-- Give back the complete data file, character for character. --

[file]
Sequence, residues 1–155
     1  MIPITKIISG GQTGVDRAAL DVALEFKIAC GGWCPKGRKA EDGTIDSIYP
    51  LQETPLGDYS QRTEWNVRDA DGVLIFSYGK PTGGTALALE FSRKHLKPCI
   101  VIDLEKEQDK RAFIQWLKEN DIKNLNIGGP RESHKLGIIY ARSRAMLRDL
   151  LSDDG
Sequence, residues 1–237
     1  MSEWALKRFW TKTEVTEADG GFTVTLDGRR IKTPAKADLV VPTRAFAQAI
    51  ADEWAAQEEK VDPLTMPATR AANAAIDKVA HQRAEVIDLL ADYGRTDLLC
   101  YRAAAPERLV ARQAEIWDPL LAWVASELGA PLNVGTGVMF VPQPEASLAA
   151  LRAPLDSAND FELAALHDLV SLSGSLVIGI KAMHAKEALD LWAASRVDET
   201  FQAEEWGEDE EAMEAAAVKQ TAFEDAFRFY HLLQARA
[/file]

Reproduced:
Sequence, residues 1–155
     1  MIPITKIISG GQTGVDRAAL DVALEFKIAC GGWCPKGRKA EDGTIDSIYP
    51  LQETPLGDYS QRTEWNVRDA DGVLIFSYGK PTGGTALALE FSRKHLKPCI
   101  VIDLEKEQDK RAFIQWLKEN DIKNLNIGGP RESHKLGIIY ARSRAMLRDL
   151  LSDDG
Sequence, residues 1–237
     1  MSEWALKRFW TKTEVTEADG GFTVTLDGRR IKTPAKADLV VPTRAFAQAI
    51  ADEWAAQEEK VDPLTMPATR AANAAIDKVA HQRAEVIDLL ADYGRTDLLC
   101  YRAAAPERLV ARQAEIWDPL LAWVASELGA PLNVGTGVMF VPQPEASLAA
   151  LRAPLDSAND FELAALHDLV SLSGSLVIGI KAMHAKEALD LWAASRVDET
   201  FQAEEWGEDE EAMEAAAVKQ TAFEDAFRFY HLLQARA